In my wretched existence
I'm trapped eternally.
I can't escape.


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PostPosted: Sun 17 Sep 2023 1:43 am 
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Joined: Fri 23 Aug 2019 12:51 pm
Posts: 28
Location: Wellington New Zealand
Haigh Pearl

I've just seen this and didnt read through the replies but if I was doing this there are some things you need to consider:

- Irish does not express things in the way we do in English
- based on what I know from sean-nós songs and Irish poetry you would not do a literal translation ie you find Irish words which substitute for English words
- instead you think about how I would say what I mean in English but in Irish
- so for your verse:
come back return to me
my little butterfly
find your way home

you could express the essence of this as follows:
- fill liom a fhéileacáin bhig (return with me dear little butterfly) - this is the vocative case a fhéilacáin (you're addressing the butterfly as your friend, bhig lines up as it's the genetive case) - you dont say return to me - its return with me in Irish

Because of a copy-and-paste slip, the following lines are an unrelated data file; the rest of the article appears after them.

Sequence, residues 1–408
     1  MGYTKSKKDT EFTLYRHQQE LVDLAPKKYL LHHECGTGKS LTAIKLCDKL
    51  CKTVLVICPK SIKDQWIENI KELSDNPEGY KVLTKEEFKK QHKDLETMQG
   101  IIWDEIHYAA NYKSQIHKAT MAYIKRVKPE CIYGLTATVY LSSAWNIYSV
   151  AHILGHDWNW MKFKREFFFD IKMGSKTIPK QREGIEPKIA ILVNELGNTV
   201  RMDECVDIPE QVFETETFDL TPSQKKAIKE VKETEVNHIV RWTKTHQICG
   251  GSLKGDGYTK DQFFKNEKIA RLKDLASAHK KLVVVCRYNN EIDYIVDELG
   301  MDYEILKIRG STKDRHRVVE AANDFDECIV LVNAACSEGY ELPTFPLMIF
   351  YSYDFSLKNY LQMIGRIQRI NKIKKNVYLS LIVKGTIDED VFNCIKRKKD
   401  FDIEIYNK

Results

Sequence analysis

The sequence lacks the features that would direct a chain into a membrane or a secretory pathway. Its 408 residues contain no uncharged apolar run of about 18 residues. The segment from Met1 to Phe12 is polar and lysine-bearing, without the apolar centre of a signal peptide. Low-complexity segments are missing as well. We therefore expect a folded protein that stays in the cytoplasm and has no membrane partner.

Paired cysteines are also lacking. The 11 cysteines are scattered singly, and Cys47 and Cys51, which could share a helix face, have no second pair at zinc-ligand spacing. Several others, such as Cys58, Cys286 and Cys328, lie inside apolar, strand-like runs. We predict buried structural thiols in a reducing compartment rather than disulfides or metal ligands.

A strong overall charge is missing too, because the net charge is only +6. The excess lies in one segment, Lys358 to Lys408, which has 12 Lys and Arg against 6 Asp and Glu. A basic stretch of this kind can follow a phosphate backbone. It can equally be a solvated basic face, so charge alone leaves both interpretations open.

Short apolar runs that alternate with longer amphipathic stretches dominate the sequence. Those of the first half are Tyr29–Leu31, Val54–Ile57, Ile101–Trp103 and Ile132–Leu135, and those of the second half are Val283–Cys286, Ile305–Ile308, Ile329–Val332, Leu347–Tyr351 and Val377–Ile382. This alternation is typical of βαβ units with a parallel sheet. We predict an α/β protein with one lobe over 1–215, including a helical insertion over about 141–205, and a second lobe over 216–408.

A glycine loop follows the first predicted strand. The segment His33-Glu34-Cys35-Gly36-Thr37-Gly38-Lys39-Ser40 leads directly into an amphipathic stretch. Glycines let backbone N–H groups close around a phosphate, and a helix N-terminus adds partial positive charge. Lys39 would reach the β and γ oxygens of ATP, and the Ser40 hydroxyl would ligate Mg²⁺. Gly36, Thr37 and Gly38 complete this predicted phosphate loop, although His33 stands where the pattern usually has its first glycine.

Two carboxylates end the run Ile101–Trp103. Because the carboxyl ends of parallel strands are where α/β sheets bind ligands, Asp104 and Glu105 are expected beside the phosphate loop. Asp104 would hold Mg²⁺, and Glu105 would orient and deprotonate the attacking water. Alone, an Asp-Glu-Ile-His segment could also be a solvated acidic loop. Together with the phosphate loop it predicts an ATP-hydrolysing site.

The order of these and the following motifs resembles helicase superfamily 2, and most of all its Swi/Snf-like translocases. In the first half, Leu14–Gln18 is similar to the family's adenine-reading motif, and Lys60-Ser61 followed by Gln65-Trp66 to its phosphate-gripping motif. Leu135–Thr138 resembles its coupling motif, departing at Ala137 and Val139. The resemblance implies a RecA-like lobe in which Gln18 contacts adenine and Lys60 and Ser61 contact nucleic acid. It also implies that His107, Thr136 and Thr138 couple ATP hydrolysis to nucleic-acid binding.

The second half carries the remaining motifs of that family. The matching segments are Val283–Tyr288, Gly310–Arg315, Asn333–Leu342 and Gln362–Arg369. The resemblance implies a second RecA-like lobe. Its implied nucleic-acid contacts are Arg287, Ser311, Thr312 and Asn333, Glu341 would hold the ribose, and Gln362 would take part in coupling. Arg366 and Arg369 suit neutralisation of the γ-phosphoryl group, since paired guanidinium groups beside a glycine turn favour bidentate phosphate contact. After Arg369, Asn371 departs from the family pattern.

- fill leat a bhaile (return you home) : it's like an order return with you to home

- is mian liom le fáil ann (I wish to find you there) - this is complicated irish grammar : is main liom means I wish and is an 'an chopail' construct : with to find there ; ie to find you at home but home comes before it in line 2
This is how these types of constructions are done in old songs and poetry

Just an alternative for you. Ádh mór !


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PostPosted: Sun 17 Sep 2023 1:49 am 
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Oh ok, thanks! I'll talk about it with the others.


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PostPosted: Sun 17 Sep 2023 1:48 pm 
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Joined: Thu 27 May 2021 3:22 am
Posts: 778
Ssalzano wrote:
Haigh Pearl